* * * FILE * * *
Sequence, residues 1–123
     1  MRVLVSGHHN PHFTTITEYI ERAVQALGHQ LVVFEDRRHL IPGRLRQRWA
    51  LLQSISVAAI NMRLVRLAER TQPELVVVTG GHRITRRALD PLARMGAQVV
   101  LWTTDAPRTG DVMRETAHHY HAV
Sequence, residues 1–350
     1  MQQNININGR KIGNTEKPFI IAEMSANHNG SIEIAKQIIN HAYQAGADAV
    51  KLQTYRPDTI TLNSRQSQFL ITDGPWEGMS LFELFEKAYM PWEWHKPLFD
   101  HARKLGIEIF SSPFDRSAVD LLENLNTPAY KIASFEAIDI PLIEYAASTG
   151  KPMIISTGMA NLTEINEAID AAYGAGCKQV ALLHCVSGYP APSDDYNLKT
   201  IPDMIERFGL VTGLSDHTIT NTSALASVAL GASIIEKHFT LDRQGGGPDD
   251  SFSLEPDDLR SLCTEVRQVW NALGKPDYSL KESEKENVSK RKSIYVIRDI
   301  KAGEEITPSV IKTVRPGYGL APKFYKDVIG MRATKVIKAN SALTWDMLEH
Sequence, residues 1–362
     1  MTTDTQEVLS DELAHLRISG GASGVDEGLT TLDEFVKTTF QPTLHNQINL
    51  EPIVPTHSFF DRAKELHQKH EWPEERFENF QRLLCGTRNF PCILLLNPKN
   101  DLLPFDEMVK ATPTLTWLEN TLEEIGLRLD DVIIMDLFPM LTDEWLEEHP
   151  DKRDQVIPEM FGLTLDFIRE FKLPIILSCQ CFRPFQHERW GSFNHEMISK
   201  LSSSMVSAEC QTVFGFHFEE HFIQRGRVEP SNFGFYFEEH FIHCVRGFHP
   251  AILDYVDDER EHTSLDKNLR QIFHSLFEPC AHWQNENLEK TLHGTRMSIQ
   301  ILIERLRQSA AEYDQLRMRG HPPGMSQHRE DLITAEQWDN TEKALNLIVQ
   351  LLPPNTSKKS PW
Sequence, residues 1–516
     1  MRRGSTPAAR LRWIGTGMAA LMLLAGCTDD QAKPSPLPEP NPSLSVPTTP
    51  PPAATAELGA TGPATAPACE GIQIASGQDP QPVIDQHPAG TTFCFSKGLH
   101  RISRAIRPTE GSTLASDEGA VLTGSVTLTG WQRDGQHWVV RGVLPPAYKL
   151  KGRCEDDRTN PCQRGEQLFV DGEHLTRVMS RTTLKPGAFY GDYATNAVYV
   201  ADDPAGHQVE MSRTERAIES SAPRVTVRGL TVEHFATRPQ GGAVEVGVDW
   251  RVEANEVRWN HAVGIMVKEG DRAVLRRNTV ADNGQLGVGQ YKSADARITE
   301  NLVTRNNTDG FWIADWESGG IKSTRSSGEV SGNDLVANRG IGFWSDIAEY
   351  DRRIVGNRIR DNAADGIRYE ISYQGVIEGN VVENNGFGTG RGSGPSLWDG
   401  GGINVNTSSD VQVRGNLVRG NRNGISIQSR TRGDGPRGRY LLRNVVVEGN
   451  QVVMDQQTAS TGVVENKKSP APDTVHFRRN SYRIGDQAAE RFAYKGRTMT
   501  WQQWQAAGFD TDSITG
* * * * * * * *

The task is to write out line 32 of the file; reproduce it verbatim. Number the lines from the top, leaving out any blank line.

   451  QVVMDQQTAS TGVVENKKSP APDTVHFRRN SYRIGDQAAE RFAYKGRTMT